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Martin Rice

 
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  • Why Selling A Few Shares Is Not The Same As Getting A Dividend [View article]
    In a way I think this comment by Robert Allan Schwartz says it all about this endless back and forth between dividend (growth) investors and non-DGI investors over so many articles and endless comments.

    To a huge degree it's a matter of WHAT MATTERS to the writer. There are loads of reasons that what matters is different for you or for me, things like, just two examples, investing horizon and personal goals.

    I really think that there is no right or wrong on this issue. The only thing that matters is what matters to a given individual.
    Sep 24 09:32 AM | 3 Likes Like |Link to Comment
  • Why Selling A Few Shares Is Not The Same As Getting A Dividend [View article]
    In the hundreds and hundreds of SA articles I've read about dividend investing, I've never seen anyone say that the price doesn't drop when the dividend day arrives.

    What people say and what my experience has taught me is that there's no way to tell after that instant, momentaneous drop what the price will do. Sometimes it drops more, sometimes in increases; sometimes these things happen on that day, sometimes it takes a couple of weeks.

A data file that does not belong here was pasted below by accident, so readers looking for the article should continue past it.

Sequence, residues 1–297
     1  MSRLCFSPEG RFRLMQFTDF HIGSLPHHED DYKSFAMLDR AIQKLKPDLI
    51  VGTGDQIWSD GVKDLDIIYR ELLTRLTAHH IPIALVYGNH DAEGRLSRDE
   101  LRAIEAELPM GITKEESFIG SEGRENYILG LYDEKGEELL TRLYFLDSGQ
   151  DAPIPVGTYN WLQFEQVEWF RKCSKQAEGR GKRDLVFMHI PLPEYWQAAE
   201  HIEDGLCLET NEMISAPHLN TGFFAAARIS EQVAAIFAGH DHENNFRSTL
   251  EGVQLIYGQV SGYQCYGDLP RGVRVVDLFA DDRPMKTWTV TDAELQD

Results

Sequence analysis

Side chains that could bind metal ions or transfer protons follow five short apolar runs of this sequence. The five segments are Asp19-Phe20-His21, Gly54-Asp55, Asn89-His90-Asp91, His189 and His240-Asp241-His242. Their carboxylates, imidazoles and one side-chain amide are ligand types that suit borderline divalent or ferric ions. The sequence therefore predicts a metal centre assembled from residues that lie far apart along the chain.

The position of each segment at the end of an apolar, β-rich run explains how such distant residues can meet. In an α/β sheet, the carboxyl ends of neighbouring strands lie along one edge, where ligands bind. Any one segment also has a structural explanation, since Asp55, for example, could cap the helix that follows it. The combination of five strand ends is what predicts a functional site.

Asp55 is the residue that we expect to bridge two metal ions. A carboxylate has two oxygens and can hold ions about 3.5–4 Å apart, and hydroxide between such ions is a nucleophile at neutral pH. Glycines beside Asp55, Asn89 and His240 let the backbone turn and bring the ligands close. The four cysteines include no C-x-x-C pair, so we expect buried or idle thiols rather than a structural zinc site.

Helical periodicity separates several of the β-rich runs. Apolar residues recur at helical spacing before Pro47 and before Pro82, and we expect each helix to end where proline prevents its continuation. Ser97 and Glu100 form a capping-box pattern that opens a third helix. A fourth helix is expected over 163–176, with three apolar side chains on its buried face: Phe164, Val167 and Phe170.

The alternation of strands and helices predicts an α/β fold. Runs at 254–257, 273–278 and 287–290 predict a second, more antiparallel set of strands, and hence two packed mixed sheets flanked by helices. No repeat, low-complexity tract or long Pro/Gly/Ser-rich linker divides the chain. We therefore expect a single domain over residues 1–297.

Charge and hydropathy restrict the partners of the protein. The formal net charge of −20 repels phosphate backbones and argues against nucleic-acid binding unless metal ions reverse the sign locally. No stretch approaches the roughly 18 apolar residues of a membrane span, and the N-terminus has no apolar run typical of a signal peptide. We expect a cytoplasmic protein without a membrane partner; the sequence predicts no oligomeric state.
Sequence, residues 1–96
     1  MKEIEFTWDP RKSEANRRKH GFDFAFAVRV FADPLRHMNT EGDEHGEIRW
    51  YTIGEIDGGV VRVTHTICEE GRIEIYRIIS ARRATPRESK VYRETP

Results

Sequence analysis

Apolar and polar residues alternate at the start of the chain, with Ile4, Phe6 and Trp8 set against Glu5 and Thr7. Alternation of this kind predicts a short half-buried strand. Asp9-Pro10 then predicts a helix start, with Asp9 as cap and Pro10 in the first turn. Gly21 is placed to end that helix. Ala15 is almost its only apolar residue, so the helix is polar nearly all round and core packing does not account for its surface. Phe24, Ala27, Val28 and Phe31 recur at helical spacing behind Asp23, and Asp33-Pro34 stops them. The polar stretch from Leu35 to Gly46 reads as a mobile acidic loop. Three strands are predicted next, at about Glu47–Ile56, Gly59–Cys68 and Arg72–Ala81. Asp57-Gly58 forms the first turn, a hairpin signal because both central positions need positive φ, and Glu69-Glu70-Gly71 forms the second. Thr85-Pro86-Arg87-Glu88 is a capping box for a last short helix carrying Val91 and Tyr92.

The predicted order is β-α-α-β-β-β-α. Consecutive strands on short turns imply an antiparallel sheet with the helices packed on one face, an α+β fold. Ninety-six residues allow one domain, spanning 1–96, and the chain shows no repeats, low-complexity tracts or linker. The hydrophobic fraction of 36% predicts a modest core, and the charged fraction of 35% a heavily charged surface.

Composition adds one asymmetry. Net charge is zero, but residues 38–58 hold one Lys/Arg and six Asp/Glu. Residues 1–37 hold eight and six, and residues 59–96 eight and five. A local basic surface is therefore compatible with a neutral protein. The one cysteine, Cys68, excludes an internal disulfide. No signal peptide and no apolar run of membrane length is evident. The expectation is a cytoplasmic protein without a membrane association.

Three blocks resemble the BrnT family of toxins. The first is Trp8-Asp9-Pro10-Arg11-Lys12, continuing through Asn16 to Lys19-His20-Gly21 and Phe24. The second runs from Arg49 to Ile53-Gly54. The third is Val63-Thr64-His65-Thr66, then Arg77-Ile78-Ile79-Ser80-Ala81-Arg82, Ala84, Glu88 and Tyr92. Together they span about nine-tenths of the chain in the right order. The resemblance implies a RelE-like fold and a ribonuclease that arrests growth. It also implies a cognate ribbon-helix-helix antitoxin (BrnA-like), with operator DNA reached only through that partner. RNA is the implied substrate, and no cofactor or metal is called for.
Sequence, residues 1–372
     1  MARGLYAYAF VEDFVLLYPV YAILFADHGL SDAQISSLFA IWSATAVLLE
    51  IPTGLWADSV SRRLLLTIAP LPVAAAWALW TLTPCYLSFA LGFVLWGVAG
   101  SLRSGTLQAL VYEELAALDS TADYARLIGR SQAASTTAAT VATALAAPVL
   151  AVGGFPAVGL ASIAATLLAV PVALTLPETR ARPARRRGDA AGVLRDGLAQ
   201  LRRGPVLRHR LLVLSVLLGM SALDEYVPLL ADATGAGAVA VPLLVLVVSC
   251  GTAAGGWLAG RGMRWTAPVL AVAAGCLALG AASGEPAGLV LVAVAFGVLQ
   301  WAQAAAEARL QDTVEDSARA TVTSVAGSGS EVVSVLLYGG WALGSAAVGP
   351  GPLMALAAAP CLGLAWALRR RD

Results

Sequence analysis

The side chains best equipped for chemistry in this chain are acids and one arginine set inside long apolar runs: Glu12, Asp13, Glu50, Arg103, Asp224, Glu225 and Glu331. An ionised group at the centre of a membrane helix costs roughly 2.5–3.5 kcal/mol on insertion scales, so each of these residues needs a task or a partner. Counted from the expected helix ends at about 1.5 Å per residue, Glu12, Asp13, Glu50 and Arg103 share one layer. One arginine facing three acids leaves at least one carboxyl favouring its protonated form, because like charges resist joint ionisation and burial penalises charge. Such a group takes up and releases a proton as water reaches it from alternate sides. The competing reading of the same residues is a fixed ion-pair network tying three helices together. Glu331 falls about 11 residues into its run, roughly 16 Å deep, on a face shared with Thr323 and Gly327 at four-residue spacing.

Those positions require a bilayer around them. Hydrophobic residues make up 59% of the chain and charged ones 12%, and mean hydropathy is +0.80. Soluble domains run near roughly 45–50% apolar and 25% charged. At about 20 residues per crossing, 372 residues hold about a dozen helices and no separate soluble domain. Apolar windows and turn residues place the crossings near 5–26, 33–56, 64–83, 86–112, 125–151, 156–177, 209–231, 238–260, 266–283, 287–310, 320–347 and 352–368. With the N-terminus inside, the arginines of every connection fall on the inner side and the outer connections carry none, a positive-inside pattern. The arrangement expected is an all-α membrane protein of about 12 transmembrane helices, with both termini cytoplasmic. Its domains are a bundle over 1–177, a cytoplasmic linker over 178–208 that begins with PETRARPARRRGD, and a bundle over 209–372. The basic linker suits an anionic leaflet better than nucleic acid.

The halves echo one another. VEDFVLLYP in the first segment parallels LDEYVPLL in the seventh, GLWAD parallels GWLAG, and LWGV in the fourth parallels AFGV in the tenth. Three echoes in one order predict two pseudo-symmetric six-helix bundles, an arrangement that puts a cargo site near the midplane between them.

All the best DI and DGI investors I know and read state all the time that dividend capture strategies are a fool's game.

    And, the fact is, that there are some folks who play the dividend capture game, but they're not what generally on SA are referred to as dividend investors.
    Jul 11 03:19 PM | 2 Likes Like |Link to Comment
  • How One Retiree Is Muddling Through Dividend Investing: Part IX - My Dividend Investment Business Plan [View article]
    Gerry and DJ I decided this was a good time for averaging down so I just increased my position with another 150 shares. Hated to see that dip go to waste.
    Jul 9 10:12 AM | Likes Like |Link to Comment
  • How One Retiree Is Muddling Through Dividend Investing: Part IX - My Dividend Investment Business Plan [View article]
    Thanks for reading and the comment, Gerry. Buying yesterday was a better move than buying when I did (down 5.79%). But I still think it was a good buy and am not worrying at all.
    Jul 9 09:14 AM | Likes Like |Link to Comment
  • How One Retiree Is Muddling Through Dividend Investing: Part IX - My Dividend Investment Business Plan [View article]
    I agree that some degree of sector balancing is important in overall portfolio management. It's part of a portfolio's overall diversification strategy.